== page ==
… P/Rico and Antigua clubs in the way at Marabella
“From a Trinidad and Tobago standpoint, we are out of the Olympic and World Cup qualifying campaigns,” said Neal & Massy Caledonia AIA coach Jamaal Shabazz. “So this gives us a chance to still keep in touch with the top teams in the CONCACAF region.
“For us and W Connection, qualification is more than just for our clubs.”
Caledonia AIA and W Connection will figuratively hoist the Trinidad and Tobago flag this evening in Caribbean Football Union (CFU) Club Championship semifinal match-ups against Antigua Barracuda and Puerto Rico Islanders from 6 pm and 8 pm respectively at the Mannie Ramjohn Stadium, Marabella. Admission is $40.
The winners qualify automatically for the CONCACAF and meet in Thursday’s final at the same venue while the losers meet in a decisive play off on Thursday. Three of the four competing CFU clubs will advance.
The CFU champions will join a three team group that includes United States’ Major League Soccer (MLS) outfit Seattle Sounders and Honduran club, Marathon. Seattle employs Trinidad and Tobago under-23 attacker Cordell Cato and US striker Eddie Johnson.
The CFU runner-up will face top Mexican side Chivas de Guadalajara and Guatemalan team Xelaju while third place wins a date with England star David Beckham’s LA Galaxy and El Salvador’s Isidro Metapan.
Connection coach Stuart Charles-Fevrier and Shabazz hope a good showing from the two Pro League teams at CONCACAF level can provide impetus for the stuttering local game.
Barracuda and the Islanders, who both compete in the US lower leagues, naturally have different ideas.
Barracuda defeated Connection in CFU action on its last trip to Trinidad in May when striker Peter Byers, a former San Juan Jabloteh hitman, got the vital goal in a 2-1 win.
Antigua and Barbuda is also buoyed by an encouraging debut at the 2014 World Cup qualifying semi-final round.
The “Benna Boys” gave the US a scare before falling 3-1 in Florida while they drew goalless with Jamaica in their second qualifier. Barracuda, who competes in the third tier of the US game, is effectively a club version of the national side and is owned by new CFU President and AFBA General Secretary Gordon Derrick and run by national coach and Englishman Tom Curtis.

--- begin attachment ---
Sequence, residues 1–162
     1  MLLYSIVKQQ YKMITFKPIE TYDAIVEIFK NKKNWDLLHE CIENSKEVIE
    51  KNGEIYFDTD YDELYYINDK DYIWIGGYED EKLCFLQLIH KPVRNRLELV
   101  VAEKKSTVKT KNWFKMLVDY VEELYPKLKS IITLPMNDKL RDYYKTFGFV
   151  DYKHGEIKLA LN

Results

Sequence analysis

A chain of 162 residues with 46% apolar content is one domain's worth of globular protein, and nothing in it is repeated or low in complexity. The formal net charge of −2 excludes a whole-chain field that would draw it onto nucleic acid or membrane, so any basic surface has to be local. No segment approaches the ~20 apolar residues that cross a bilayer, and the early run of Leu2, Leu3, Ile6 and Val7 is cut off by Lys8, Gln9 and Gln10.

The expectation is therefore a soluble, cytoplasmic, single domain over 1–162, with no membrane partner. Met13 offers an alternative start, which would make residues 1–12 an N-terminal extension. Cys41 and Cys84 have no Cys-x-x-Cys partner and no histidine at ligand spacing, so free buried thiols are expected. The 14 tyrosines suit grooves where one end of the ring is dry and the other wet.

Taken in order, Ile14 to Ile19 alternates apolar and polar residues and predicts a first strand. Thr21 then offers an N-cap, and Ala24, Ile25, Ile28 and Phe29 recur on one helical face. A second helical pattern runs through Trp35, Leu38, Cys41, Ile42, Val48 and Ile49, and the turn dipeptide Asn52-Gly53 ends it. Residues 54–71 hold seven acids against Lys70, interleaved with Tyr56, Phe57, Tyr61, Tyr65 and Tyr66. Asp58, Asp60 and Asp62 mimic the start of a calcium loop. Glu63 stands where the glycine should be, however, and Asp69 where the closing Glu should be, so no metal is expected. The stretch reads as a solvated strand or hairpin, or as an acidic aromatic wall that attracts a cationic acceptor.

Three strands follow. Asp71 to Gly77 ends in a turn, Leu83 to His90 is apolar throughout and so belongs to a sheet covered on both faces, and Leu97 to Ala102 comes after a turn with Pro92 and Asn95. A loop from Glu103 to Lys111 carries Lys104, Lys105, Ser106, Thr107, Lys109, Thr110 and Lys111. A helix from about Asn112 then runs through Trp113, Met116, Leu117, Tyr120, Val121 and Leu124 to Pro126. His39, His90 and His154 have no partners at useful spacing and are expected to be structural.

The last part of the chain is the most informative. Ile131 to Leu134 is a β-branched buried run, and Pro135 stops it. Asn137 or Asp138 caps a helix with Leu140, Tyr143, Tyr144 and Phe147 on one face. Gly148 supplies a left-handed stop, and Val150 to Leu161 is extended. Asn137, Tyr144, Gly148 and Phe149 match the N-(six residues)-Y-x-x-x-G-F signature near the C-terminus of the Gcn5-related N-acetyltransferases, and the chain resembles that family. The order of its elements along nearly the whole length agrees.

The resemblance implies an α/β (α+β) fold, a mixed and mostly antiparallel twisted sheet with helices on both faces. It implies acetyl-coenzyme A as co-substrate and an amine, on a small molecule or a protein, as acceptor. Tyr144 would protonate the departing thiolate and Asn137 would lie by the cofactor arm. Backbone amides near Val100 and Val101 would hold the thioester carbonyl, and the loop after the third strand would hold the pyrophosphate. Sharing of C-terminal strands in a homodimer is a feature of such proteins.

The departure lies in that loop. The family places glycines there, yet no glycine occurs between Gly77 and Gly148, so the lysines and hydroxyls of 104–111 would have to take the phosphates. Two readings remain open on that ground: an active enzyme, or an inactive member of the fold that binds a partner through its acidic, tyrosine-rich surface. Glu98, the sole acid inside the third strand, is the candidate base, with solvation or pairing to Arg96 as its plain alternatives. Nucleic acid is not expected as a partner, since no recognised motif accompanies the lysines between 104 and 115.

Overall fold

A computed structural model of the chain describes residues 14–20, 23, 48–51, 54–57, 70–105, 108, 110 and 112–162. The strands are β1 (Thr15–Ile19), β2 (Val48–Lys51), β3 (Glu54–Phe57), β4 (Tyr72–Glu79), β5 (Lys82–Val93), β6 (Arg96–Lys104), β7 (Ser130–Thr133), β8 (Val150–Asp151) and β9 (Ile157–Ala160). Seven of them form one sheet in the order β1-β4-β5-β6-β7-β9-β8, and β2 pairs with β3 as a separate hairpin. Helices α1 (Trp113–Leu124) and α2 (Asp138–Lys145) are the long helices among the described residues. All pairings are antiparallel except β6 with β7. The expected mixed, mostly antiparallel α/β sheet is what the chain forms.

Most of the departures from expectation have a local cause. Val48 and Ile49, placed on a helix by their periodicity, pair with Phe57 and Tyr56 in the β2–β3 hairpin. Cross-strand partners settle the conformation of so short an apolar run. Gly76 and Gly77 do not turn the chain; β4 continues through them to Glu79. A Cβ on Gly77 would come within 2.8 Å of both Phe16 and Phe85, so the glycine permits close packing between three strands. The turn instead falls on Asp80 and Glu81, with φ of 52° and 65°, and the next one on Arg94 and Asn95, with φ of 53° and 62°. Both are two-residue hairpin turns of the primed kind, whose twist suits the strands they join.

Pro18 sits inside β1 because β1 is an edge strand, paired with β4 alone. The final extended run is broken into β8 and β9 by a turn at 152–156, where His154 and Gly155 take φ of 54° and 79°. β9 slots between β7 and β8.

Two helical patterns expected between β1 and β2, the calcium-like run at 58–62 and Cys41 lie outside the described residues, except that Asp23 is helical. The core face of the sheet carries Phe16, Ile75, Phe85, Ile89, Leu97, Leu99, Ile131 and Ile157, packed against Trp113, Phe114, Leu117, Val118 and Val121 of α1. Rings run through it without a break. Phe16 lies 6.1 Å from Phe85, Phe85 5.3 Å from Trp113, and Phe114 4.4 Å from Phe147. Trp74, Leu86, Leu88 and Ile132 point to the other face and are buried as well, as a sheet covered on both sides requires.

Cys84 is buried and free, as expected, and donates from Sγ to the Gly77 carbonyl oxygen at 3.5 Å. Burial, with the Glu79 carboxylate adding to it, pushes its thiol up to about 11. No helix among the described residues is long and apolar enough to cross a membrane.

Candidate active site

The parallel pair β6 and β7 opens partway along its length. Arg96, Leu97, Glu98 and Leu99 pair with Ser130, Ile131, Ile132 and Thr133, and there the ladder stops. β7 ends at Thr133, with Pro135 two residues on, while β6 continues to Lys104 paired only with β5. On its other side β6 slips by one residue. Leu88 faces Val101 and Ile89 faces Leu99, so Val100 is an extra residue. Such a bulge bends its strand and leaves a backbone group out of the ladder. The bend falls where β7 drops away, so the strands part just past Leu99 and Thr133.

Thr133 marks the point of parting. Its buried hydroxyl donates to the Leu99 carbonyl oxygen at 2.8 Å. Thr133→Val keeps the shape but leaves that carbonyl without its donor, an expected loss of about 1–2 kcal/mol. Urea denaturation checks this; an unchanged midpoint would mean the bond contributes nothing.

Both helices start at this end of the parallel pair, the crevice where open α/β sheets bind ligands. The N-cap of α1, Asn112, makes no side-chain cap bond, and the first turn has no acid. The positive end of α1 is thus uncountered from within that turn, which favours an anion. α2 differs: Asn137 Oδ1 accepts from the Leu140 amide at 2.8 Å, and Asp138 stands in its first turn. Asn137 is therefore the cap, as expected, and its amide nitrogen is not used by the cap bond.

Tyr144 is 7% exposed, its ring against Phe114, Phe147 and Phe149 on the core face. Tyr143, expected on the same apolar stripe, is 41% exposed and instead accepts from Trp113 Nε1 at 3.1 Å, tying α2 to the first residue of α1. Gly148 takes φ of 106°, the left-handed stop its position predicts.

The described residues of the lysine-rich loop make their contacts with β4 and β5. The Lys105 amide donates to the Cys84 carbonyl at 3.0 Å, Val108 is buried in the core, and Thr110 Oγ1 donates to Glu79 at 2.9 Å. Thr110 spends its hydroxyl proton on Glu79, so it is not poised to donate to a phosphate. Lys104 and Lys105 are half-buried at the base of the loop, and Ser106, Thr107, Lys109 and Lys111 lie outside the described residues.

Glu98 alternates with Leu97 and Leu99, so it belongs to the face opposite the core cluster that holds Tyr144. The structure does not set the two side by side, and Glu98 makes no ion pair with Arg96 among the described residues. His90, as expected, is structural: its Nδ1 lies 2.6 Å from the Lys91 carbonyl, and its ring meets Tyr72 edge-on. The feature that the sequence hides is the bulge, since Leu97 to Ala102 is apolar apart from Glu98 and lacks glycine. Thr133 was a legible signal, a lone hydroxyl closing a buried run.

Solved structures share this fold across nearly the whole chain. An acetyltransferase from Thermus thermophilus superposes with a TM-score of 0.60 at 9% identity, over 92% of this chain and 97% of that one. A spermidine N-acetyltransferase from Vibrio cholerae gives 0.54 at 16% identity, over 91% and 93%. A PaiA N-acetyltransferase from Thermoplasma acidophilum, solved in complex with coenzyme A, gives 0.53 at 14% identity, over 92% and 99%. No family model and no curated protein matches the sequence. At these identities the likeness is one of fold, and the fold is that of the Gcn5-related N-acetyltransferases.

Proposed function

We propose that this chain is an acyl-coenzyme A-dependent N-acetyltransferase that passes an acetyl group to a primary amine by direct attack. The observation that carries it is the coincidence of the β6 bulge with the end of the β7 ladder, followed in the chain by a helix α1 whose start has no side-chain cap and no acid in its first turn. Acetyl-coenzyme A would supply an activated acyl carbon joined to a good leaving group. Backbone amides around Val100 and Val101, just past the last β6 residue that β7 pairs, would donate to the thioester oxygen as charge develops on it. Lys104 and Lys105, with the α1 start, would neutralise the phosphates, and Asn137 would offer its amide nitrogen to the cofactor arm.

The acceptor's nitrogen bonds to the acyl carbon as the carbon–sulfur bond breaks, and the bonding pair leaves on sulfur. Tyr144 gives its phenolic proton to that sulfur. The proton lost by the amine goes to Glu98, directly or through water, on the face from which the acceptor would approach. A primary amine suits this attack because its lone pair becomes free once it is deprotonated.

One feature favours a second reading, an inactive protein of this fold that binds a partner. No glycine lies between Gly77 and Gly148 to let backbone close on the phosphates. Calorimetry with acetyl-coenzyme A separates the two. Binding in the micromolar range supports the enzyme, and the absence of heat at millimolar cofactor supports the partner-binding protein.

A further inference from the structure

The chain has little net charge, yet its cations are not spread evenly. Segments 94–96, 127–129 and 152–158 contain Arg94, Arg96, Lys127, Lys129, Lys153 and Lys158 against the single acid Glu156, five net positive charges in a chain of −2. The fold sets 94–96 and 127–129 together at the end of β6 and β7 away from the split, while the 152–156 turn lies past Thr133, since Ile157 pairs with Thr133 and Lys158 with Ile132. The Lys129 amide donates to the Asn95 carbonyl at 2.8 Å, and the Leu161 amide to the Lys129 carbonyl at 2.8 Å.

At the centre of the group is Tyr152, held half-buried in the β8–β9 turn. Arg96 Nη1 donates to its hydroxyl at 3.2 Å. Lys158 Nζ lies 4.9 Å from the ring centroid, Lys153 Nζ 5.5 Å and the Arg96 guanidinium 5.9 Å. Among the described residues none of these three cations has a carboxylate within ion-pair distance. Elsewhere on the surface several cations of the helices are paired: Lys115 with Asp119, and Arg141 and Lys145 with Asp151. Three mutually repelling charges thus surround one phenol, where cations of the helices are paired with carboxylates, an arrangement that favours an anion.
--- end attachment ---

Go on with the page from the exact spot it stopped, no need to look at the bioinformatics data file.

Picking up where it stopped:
“They have a typical English style,” said Shabazz, who also doubles up as Guyana national coach. “They are compact, aggressive and hard to pass and Byers is a big factor… We have to be alert and prevent him from turning and be prepared to battle with him all the time.”
Despite Trinidad and Tobago football’s recent misfortunes, Caledonia and Shabazz are enjoying stellar seasons.
The Morvant/Laventille-based team, which is also expertly steered by coach Jerry Moe, won an unprecedented hattrick of domestic knock-out titles this season while Shabazz has taken Guyana to the CONCACAF World Cup qualifying semi-final round for the first time—albeit at the expense of his homeland.
Shabazz’s international success has severely limited his time with the “Eastern Stallions” but Moe has done an excellent job during his absences. Both coaches complement each other as Shabazz prefers to focus on tactics while Moe excels in preparation.
Flank play should be key for Caledonia today, particular with the absence of injured playmaker Ataullah Guerra, and teenaged Guyana left winger Trayon Bobb and right-side St Vincent and the Grenadines attacker Cornelius Stewart are expected to create opportunities for homegrown strikers, Devon Jorsling and Jamal Gay.
Bobb and Stewart will be supported by the adventurous full backs, Kareem “Tiny” Joseph and Guyana stalwart Walter Moore.
Central defender Radanfah Abu Bakr and midfield anchor and captain Stephan David will hope to impose themselves too. And, in goal, Shabazz and Moe are likely to choose between Guyana international custodian Ronson Williams and former national youth World Cup goalie Glenroy Samuel, who has returned from a stint with Barracuda’s feeder club in Antigua.